Categories: Physics, Quantum mechanics.

Larmor precession

Consider a stationary spin-1/2 particle, placed in a magnetic field with magnitude BB pointing in the zz-direction. In that case, its Hamiltonian H^\hat{H} is given by:

H^=γBS^z=2γBσz^\begin{aligned} \hat{H} = - \gamma B \hat{S}_z = - \frac{\hbar}{2} \gamma B \hat{\sigma_z} \end{aligned}

Where γ=q/m\gamma = - q / m is the gyromagnetic ratio, and σ^z\hat{\sigma}_z is the Pauli spin matrix for the zz-direction. Since H^\hat{H} is proportional to σ^z\hat{\sigma}_z, they share eigenstates \Ket{\downarrow} and \Ket{\uparrow}. The respective eigenenergies EE_{\downarrow} and EE_{\uparrow} are as follows:

E=2γBE=2γB\begin{aligned} E_{\downarrow} = \frac{\hbar}{2} \gamma B \qquad E_{\uparrow} = - \frac{\hbar}{2} \gamma B \end{aligned}

Because H^\hat{H} is time-independent, the general time-dependent solution χ(t)\Ket{\chi(t)} is of the following form, where aa and bb are constants, and the exponentials are “twiddle factors”:

χ(t)=aexp(iEt/)+bexp(iEt/)\begin{aligned} \Ket{\chi(t)} = a \exp(- i E_{\downarrow} t / \hbar) \: \Ket{\downarrow} \:+\: b \exp(- i E_{\uparrow} t / \hbar) \: \Ket{\uparrow} \end{aligned}

For our purposes, we can safely assume that aa and bb are real, and then say that there exists an angle θ\theta satisfying a=sin(θ/2)a = \sin(\theta / 2) and b=cos(θ/2)b = \cos(\theta / 2), such that:

χ(t)=sin(θ/2)exp(iEt/)+cos(θ/2)exp(iEt/)\begin{aligned} \Ket{\chi(t)} = \sin(\theta / 2) \exp(- i E_{\downarrow} t / \hbar) \: \Ket{\downarrow} \:+\: \cos(\theta / 2) \exp(- i E_{\uparrow} t / \hbar) \: \Ket{\uparrow} \end{aligned}

Now, we find the expectation values of the spin operators S^x\expval{\hat{S}_x}, S^y\expval{\hat{S}_y}, and S^z\expval{\hat{S}_z}. The first is:

χS^xχ=2[aexp(iEt/)bexp(iEt/)]T[0110][aexp(iEt/)bexp(iEt/)]=2[aexp(iEt/)bexp(iEt/)]T[bexp(iEt/)aexp(iEt/)]=2(abexp(i(E ⁣ ⁣E)t/)+baexp(i(E ⁣ ⁣E)t/))=2cos(θ/2)sin(θ/2)(exp(iγBt)+exp(iγBt))=2cos(γBt)(cos(θ/2)sin(θ/2)+cos(θ/2)sin(θ/2))=2sin(θ)cos(γBt)\begin{aligned} \matrixel{\chi}{\hat{S}_x}{\chi} &= \frac{\hbar}{2} \begin{bmatrix} a \exp(i E_{\downarrow} t / \hbar) \\ b \exp(i E_{\uparrow} t / \hbar) \end{bmatrix}^{\mathrm{T}} \cdot \begin{bmatrix} 0 & 1 \\ 1 & 0 \end{bmatrix} \cdot \begin{bmatrix} a \exp(- i E_{\downarrow} t / \hbar) \\ b \exp(- i E_{\uparrow} t / \hbar) \end{bmatrix} \\ &= \frac{\hbar}{2} \begin{bmatrix} a \exp(i E_{\downarrow} t / \hbar) \\ b \exp(i E_{\uparrow} t / \hbar) \end{bmatrix}^{\mathrm{T}} \cdot \begin{bmatrix} b \exp(- i E_{\uparrow} t / \hbar) \\ a \exp(- i E_{\downarrow} t / \hbar) \end{bmatrix} \\ &= \frac{\hbar}{2} \Big( a b \exp(i (E_{\downarrow} \!-\! E_{\uparrow}) t / \hbar) + b a \exp(i (E_{\uparrow} \!-\! E_{\downarrow}) t / \hbar) \Big) \\ &= \frac{\hbar}{2} \cos(\theta/2) \sin(\theta/2) \Big( \exp(i \gamma B t) + \exp(- i \gamma B t) \Big) \\ &= \frac{\hbar}{2} \cos(\gamma B t) \Big( \cos(\theta/2) \sin(\theta/2) + \cos(\theta/2) \sin(\theta/2) \Big) \\ &= \frac{\hbar}{2} \sin(\theta) \cos(\gamma B t) \end{aligned}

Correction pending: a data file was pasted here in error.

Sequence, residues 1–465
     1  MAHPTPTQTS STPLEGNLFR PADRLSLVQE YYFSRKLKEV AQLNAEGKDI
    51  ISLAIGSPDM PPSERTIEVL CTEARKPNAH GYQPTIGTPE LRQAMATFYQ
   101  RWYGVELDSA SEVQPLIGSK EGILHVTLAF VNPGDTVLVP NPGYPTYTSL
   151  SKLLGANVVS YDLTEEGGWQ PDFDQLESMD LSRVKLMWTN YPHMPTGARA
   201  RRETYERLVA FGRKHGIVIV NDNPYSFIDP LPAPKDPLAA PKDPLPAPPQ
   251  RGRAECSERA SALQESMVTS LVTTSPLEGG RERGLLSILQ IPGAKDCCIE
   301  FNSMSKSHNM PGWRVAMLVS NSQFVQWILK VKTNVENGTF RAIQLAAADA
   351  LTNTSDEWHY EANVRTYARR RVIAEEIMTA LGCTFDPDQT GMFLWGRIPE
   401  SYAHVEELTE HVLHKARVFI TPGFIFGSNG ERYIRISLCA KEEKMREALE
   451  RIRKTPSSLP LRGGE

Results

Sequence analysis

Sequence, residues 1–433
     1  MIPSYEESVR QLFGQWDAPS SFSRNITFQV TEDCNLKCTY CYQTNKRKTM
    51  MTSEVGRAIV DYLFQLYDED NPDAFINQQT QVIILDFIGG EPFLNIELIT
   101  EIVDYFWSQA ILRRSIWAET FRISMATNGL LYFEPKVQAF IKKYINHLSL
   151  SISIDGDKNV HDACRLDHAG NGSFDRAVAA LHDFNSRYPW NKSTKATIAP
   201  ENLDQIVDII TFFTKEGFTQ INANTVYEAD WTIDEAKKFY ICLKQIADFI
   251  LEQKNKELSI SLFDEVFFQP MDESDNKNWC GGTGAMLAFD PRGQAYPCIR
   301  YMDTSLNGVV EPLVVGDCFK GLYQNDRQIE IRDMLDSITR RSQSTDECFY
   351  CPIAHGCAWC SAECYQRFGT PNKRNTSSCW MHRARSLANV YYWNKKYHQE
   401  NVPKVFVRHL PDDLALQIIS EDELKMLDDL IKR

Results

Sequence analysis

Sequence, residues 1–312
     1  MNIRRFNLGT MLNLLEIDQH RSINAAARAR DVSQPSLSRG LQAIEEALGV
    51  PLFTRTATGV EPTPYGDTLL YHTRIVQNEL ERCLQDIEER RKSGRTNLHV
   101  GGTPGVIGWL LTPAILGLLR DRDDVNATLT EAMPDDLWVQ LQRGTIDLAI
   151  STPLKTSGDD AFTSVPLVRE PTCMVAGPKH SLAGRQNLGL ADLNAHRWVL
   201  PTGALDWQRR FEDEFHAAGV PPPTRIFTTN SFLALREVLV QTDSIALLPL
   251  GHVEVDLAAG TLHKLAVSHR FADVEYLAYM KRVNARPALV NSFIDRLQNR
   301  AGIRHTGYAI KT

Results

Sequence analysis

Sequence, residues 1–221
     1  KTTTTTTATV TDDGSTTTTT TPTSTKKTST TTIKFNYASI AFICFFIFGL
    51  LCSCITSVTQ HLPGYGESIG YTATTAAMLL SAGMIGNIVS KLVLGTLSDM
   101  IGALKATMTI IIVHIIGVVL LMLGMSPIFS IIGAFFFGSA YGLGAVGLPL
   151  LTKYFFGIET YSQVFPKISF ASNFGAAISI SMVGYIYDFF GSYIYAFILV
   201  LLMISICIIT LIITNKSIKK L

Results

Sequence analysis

The other two are calculated in the same way, with the following results:

χS^yχ=2sin(θ)sin(γBt)χS^zχ=2cos(θ)\begin{aligned} \matrixel{\chi}{\hat{S}_y}{\chi} = - \frac{\hbar}{2} \sin(\theta) \sin(\gamma B t) \qquad \matrixel{\chi}{\hat{S}_z}{\chi} = \frac{\hbar}{2} \cos(\theta) \end{aligned}

The result is that the spin axis is off by θ\theta from the zz-direction, and is rotating (or precessing) around the zz-axis at the Larmor frequency ω\omega:

ω=γB\begin{aligned} \boxed{ \omega = \gamma B } \end{aligned}


  1. D.J. Griffiths, D.F. Schroeter, Introduction to quantum mechanics, 3rd edition, Cambridge.